THATS LOWBALLASSCHATTER TO YOU!
If you haven't heard, Irvine Meadows Amphitheater no longer exists —the name, that is. Last week, OC's only large-scale outdoor concert venue announced that it has joined the ranks of such corporate-monikered local arenas as the Arrowhead Pond of Anaheim, Edison International Field and the OC Weekly Polo Grounds. Refer to the Meadows now as Verizon Wireless Amphitheater. "Pronounced: vurr-EYE-zon," as the press release points out, Verizon Wireless is a cell-phone company. Okay, you can all see the joke, so let's repeat it together: "A wireless amphitheater? Does that mean they'll only have acoustic concerts there now?" (Rich Kane)
BLASPHEMOUS RUMORS: With our ass to the ground and our ears open, LowBallAssChatter caught the downwind of rumors that some sort of crazy, famous, jaw-dropping, pants-wetting, I-can't-believe-it!-type secret special guest was to perform at the Hub's April 22 Earth Day fest, along with Reel Big Fish, Save Ferris and Zebrahead. The first name bandied about—way before the show date—was Weezer. "I don't think so. I haven't heard anything about that," said perplexed Hub co-owner Carlo Terranova at the time, looking like he really didn't think so and that he really hadn't heard anything about it. The next name down the pike was No Doubt. "Is it true?" one fan asked another at the band's April 13 Triangle Square minishow. "I heard that, like, every single band from Orange County that has become famous is going to be playing!" said another. "Please, kids," LowBallAssChatter thought to itself, "it's supposed to be a big show, not a magic one." At the show itself, it was rumored that Lit was supposed to play but didn't show up. LowBallAssChatter does not take well to taunting and teasing, so it went directly to the source, Terranova, who confirmed that all the rumors, many of which he hadn't heard, were nothing but . . . LowBallAssChatter. "At the very beginning, 'special guests' meant Save Ferris because we weren't allowed to advertise them on fliers until after April 7," he said. "Then it meant the Aquabats because they weren't a definite, but then we mentioned them and they ended up not being able to play after all." Oh. Isn't reality boring? (Alison M. Rosen)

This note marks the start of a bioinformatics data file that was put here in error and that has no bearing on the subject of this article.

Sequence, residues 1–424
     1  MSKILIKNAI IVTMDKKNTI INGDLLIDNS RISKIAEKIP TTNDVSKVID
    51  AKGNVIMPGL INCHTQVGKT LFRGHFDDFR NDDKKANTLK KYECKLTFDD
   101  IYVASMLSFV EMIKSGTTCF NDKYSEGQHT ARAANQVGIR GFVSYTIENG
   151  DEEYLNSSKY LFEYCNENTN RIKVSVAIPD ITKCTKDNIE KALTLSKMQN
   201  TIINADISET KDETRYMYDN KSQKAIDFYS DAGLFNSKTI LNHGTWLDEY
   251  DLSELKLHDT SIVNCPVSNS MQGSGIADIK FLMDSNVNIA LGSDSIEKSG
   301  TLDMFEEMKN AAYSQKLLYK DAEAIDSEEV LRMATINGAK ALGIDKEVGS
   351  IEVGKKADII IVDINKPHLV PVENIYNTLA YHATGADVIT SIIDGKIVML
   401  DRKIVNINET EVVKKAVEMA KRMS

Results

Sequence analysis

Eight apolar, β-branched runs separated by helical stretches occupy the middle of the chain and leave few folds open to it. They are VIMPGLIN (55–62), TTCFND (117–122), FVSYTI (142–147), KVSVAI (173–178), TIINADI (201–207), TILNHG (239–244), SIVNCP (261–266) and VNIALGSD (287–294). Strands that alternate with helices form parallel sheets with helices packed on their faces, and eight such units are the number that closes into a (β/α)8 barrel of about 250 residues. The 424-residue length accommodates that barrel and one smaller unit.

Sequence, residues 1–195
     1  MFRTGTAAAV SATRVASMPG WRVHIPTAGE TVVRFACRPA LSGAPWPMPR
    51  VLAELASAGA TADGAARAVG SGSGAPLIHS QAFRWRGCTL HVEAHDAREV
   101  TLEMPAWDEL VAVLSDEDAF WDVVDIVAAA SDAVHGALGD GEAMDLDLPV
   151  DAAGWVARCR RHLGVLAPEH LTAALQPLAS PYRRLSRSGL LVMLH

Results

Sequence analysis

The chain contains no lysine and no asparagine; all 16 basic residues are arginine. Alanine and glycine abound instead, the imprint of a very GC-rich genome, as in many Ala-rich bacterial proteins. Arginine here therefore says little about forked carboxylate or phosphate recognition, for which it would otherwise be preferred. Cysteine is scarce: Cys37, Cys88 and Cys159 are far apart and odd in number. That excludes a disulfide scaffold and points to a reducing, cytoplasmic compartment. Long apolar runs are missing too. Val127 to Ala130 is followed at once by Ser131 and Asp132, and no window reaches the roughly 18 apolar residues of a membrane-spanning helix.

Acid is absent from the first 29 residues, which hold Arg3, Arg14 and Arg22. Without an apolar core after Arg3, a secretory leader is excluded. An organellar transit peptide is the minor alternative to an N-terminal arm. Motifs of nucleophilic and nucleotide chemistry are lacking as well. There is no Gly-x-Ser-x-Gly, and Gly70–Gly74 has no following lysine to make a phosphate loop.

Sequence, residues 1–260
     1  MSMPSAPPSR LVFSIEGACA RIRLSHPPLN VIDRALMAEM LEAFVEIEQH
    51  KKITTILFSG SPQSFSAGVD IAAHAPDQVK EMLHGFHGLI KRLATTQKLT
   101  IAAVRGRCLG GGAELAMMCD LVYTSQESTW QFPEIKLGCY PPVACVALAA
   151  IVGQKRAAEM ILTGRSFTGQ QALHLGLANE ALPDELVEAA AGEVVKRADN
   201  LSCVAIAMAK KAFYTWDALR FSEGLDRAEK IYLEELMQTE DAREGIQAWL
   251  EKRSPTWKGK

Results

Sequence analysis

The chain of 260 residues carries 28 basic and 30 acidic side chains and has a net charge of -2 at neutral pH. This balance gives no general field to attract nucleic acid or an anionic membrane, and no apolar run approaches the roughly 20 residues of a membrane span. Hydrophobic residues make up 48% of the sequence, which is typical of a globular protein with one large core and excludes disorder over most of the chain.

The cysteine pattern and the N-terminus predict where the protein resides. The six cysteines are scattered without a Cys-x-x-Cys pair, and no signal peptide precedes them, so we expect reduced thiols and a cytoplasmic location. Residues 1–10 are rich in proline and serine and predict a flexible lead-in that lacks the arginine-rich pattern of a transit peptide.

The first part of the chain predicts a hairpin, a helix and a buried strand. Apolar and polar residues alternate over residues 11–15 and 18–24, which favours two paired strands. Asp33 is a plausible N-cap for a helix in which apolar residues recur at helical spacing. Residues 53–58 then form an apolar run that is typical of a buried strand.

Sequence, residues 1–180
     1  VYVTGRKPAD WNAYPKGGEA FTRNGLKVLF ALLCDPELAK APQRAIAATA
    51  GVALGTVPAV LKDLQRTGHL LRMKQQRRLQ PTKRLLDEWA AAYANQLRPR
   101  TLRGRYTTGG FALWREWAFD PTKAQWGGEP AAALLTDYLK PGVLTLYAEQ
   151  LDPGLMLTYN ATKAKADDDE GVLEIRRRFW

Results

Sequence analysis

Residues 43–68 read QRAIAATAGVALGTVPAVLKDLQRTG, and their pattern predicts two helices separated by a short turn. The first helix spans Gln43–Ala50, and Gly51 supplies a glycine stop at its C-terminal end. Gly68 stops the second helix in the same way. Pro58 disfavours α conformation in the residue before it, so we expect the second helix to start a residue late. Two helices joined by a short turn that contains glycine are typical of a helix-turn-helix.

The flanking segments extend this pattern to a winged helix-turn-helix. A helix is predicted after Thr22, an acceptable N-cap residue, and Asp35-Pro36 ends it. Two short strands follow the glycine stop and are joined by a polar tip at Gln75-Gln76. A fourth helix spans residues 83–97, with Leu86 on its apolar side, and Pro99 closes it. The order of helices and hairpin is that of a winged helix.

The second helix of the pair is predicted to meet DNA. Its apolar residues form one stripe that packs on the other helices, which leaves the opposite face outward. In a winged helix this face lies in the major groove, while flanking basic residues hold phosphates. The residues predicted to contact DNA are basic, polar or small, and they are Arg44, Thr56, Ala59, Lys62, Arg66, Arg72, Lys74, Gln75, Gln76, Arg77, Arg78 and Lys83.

OUR BROS-BEFORE-HOS AWARD: Dial-7 vocalist Michael Lord and band bassist Barrett were spotted a few weeks ago kicking it on the USA Network's Friends or Lovers show. This new piece of edutainment forces one lucky contestant to choose between his or her best friend and current love interest. Lord took Barrett on the program to inform him that Dial-7's future was in jeopardy due to his lack of commitment. "He's John Lennon to my Paul McCartney," Lord said, moving on to tell Barrett, "I wanna keep it real with you. There are things more important than relationships like this"—referring to Barrett's porn-star girlfriend. The decision was rather simple for Barrett when informed that the girlfriend—the Yoko Ono in this equation, we assume—was already married. "I gotta stick with my band," Barrett wisely concluded. In return for Barrett's heartbreak, he and Lord received a trip to Acapulco with free drinks, dinners and cover charges. (Jeremy Scherer)
RAVE UNTO THE JOYLESS